Building a Nanoelectronics Design and Technology Community

Published: Wed, 2010/12/01
Contact Person: Mihai Adrian Ionescu, ECOLE POLYTECHNIQUE FEDERALE DE LAU...

Most experts agree that scaling CMOS technology is coming to an end in the next decades. The question asked are then what comes after? Which kind of technology can be used instead? Will Europe play an important role in technologies beyond CMOS? Will the European industry have a significant market share using emerging technologies? And if not, what will happen to European industries in, for example, the automotive and energy sectors, which are orders of magnitude bigger and are heavily dependent on electronic system competences? Will they shrink and fade away due to the lack of native innovation? Estimating the importance of future Nanoelectronics to calculate the risk for its dependable markets is like looking at the tip of an iceberg to calculate the risks of a ship wreckage.

To prepare for the future, Europe needs a strong R&D competence in Electronic System Design to integrate technology in emerging design processes. To this end, the European Commission is funding the Coordination Action project NANO-TEC (ICT-2010-257964) where leading stakeholders in Nanotechnologies R&D have come together to establish a joint design & technology community in Nanoelectronics in Europe. This community will have to face the new challenges of technology and the concomitant engineering questions towards novel industrial products emanating initially from academic research.

For the next generation of devices and systems, design and technology go hand in hand in industrial R&D. However, for future generations in nanoelectronics, design and technology are not sufficiently integrated to ensure a fast uptake should the proof-of-concept stage succeed.  The capability of European industry to transfer and exploit research results in nanoelectronics depends on the availability of integrated solutions provided by, for example, the design and technology communities. There are fascinating ground-breaking results from research based on, for example, single atoms, molecules, semiconductor nanostructures, graphene and DNA strands, to name just a few. However, these have to be integrated into either existing or future system platforms, and usually meet design constrains at this stage, as an afterthought. The objective of the Coordination Action “Ecosystems Technology and Design for Nanoelectronics” (NANO-TEC) is to address this mismatch by bringing design and technology together at an earlier stage in research. NANO-TEC aims to increase the probability of uptake by industry of the results of academic research and to foster a new way of collaboration within the European Research Area.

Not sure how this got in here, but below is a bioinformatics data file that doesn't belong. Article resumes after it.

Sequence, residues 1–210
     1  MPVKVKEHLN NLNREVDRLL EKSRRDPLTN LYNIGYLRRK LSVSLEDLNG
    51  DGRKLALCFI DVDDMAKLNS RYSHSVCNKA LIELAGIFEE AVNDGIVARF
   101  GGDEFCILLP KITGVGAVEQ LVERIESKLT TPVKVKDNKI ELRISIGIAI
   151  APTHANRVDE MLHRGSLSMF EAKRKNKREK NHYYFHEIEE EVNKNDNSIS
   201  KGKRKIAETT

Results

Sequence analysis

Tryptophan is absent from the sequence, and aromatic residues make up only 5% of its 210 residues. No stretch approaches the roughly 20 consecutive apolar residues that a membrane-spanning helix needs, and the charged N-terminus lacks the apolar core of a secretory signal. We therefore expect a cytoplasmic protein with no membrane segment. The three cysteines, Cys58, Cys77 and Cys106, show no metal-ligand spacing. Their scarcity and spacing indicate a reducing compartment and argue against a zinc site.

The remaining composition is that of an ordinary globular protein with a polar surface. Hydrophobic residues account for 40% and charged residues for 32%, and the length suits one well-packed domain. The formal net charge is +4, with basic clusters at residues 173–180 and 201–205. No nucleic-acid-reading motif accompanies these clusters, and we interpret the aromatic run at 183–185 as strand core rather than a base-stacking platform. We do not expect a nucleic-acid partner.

The NANO-TEC consortium will work closely with the Scientific Community Council of industry-led ENIAC Technology Platform towards a position paper in Emerging Nanoelectronics. NANO-TEC will develop a state-of-the-art web platform for working groups, facilitating discussions, meetings, communications and access to an information repository. It will form an interface to disseminate the project results to the public and to experts in the field. All together, these initiatives will constitute a set of working tools for experts in nanoelectronics, who will gather in specialist groups, thus becoming a reference point to explore the needs of future nanoelectronics in Europe.

A special focus will be placed on raising awareness among public authorities on the importance of such effort. One of the activities of NANO-TEC will be a series of workshops, each with a different focus and objective designed to become familiar with the challenges faced by the science underpinning future nanoelectronics and the concurrent engineering design questions. The workshops will count with experts from the Americas, Asia and Europe. The topics of the workshop will range from molecular electronics, through silicon-based electronics and heterogeneous integration, all the way to spintronics and quantum information processing in the first instance.  

About NANO-TEC: NANO-TEC is led by the Catalan Institute of Nanotechnology and is funded by the ICT theme of the 7th Framework Programme of the European Commission. There are 11 partners in the NANO-TEC consortium. These other 10 partners are  Valtion Teknillinen Tutkimuskeskus VTT from Finland,  German Edacentrum GmbH and Foschungszentrum Juelich GmbH, Chalmers Technical University of Sweden, the Polish Institute of Electron Technology, Delft University of Technology from the Netherlands, the Greek National Centre for Scientific Research “Demokritos”, Tyndall National Institute from Ireland, the Ecole Politechnique Fédérale de Lausanne and the French Centre National de la Recherche Scientifique CNRS. All the partners are experienced in working in large consortia distributed over the European Union and contribute with their organisational and integrative expertise together with visionary research and ambitious goals in nanoelectronics. The scientific and social challenges of NANO-TEC can only be achieved with a constellation such as this, aided by global experts and strong links to industry to  ensure a broad coverage of its topic at European level.
NANOTEC website:
CONTACT: Prof. Dr. Clivia M. Sotomayor Torres (project coordinator)
E-mail: clivia [dot] sotomayoraticn [dot] cat